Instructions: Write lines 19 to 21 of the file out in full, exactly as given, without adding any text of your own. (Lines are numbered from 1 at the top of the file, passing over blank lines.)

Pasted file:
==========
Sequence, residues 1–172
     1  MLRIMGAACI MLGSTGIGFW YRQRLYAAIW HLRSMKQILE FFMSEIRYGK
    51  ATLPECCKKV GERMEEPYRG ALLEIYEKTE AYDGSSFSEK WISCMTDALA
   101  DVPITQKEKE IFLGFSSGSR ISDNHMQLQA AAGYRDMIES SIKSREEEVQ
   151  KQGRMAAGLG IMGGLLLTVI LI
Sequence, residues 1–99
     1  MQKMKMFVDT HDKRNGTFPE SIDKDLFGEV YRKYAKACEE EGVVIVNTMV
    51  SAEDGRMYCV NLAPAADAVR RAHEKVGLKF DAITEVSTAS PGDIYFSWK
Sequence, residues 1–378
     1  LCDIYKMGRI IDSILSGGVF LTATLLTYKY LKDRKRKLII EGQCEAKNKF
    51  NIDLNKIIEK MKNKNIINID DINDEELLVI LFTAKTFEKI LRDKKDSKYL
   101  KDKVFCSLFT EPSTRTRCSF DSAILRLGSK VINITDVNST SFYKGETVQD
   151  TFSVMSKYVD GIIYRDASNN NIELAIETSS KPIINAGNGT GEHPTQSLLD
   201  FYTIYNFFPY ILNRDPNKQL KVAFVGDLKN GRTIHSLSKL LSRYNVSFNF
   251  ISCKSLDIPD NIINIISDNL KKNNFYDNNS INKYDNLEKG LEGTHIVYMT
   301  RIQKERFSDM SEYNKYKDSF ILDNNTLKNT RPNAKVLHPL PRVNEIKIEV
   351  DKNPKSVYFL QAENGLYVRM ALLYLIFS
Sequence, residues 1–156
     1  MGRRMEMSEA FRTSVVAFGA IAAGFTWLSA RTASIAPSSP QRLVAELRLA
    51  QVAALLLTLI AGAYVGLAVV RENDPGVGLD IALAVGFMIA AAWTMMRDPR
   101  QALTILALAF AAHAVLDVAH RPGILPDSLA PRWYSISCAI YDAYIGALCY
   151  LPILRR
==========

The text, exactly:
     1  MGRRMEMSEA FRTSVVAFGA IAAGFTWLSA RTASIAPSSP QRLVAELRLA
    51  QVAALLLTLI AGAYVGLAVV RENDPGVGLD IALAVGFMIA AAWTMMRDPR
   101  QALTILALAF AAHAVLDVAH RPGILPDSLA PRWYSISCAI YDAYIGALCY